Public-Private Partnerships Will Be Key to “Internet for All” Success 


“What does a truly connected America look like and how do we get there?” – Connected America 2024 

With continued commitments from industry and historic levels of federal broadband funding, a truly connected America is finally within reach. How we get there – and how successful we are at achieving this goal – will depend on the decisions our policymakers make with these investments.  

Federal and state policymakers must make wise, forward-thinking choices with broadband investments.  

We have already made tremendous progress to bridge the country’s digital divide. The cable industry alone has invested more than $310 billion in infrastructure and networks over the last 20 years. Forty million new U.S. homes subscribed to broadband between 2016 and 2021. 89% of American homes and businesses now have access to gigabit-speed service and 95% of U.S. customers have multiple choices for wired or wireless broadband. 

More work, however, must be done to connect the 8 million Americans still without internet access. These are people who live predominantly in our country’s hardest-to-reach, rural areas, where nearly 1 in 5 rural Americans remain unconnected.  

The $42 billion in Broadband Equity Access and Deployment (BEAD) program funds provides us the once-in-a-generation opportunity to close this rural broadband gap. Just as important are the decisions that both federal and state policymakers make with these investments. The success, or failure, of the program will depend on it.  

Every day, internet service providers (ISPs) face countless challenges when building out networks to unserved, rural communities, ranging from tough terrains to bureaucratic contracting rules. ISPs do not need additional, unnecessary barriers – whether physical or regulatory – that make it even more difficult to build out broadband networks.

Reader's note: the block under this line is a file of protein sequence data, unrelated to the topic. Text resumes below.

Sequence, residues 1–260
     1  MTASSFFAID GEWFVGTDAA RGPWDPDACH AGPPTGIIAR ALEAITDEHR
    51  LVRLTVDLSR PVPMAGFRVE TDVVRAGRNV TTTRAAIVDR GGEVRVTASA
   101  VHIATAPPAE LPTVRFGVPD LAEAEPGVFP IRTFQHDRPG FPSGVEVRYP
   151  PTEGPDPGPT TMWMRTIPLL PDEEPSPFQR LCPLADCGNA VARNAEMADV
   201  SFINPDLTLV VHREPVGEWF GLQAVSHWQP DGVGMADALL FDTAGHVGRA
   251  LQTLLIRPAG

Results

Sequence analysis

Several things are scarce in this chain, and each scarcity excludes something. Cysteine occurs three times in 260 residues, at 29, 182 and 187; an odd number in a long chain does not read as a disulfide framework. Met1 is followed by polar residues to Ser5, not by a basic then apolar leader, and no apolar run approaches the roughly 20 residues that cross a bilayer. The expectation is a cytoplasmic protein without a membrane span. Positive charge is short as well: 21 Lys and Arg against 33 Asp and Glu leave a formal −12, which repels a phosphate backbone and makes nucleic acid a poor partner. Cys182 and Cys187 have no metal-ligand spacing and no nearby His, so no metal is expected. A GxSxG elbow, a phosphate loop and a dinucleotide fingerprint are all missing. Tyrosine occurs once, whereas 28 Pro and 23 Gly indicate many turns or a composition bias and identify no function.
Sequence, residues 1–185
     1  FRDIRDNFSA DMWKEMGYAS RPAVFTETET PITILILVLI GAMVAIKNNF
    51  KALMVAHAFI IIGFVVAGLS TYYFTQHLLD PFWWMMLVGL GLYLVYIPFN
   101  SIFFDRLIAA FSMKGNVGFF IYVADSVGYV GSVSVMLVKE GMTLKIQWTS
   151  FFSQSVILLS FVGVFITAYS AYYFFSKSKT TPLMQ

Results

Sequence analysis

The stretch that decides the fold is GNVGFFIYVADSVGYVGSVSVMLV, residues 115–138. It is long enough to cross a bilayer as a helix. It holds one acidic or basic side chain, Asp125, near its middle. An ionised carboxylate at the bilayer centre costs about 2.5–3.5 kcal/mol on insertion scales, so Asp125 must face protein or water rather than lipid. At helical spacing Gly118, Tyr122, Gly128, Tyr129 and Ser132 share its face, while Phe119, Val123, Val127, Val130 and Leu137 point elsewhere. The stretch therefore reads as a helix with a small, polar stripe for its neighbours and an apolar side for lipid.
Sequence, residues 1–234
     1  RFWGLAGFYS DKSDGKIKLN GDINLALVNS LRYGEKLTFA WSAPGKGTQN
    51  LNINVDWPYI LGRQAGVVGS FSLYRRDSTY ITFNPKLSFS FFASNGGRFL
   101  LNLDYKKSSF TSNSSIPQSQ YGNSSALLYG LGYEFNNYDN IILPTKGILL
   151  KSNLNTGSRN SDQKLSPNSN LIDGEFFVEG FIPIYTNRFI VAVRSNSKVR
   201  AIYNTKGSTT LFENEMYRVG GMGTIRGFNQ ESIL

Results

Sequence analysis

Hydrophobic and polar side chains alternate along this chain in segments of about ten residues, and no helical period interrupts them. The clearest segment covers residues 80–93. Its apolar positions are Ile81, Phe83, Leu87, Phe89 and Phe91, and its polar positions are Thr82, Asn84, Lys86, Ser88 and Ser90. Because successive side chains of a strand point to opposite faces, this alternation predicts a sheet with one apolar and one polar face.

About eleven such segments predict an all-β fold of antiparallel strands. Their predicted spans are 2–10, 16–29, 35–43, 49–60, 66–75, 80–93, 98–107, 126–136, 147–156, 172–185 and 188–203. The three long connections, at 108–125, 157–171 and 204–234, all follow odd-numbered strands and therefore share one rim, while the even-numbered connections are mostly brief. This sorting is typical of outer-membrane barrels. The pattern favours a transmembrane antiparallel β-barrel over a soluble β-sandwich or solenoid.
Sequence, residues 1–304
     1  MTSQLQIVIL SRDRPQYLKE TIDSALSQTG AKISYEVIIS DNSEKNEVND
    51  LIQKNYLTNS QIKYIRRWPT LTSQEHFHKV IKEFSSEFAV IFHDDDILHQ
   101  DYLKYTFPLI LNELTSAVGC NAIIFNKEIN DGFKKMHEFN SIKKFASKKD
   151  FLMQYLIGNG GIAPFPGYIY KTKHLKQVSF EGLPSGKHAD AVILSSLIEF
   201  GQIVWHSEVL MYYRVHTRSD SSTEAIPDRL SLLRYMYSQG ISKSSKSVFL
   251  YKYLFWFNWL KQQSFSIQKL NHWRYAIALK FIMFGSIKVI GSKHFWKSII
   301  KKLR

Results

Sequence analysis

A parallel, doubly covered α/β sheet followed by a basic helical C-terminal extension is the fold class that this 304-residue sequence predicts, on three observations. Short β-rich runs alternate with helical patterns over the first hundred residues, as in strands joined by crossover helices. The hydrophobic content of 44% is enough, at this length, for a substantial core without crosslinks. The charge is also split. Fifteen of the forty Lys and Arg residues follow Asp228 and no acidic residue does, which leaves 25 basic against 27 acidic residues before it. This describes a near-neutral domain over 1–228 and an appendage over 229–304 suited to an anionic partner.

Federal agencies need to refrain from enacting policies that will slam the breaks on progress before BEAD fully ramps up. Heavy handed regulation will create uncertainty, depress provider participation, and jeopardise the intent of the Bipartisan Infrastructure Law.  

On the state level, policymakers must ensure that they are prepared to maximise – not mismanage – the massive sums of BEAD funding coming their way to extend connectivity. They can do so by:  

Encouraging participation and robust competition among experienced providers. 

Removing obstacles that slow deployment like unreasonable terms for access to utility poles. 
Prioritising directing grants first to communities still awaiting any service, before being funneled to areas that already have internet access or are already scheduled to receive access. 

Public-Private Partnerships: Proven Success in Extending Networks On-Time & On-Budget  

Additionally, leaders should leverage the expertise and resources of the private sector. With hundreds of projects already underway and many more to begin in the coming years, the cable industry has a longstanding track record of building out the networks on-time and on-budget. These are the 10G future-ready networks that are transforming communities and powering innovation. Our massive team of skilled professionals are equipped with the technical, managerial, and financial expertise needed to not only build these networks, but to maintain and upgrade them through decades to come.  


The cable industry stands ready to build out our networks to reach as many Americans as possible and help the Administration bring “Internet for All.” Together, we can – and will – get the job done.   

Learn more about NCTA – the Internet & Television Association’s efforts to connect every American here 

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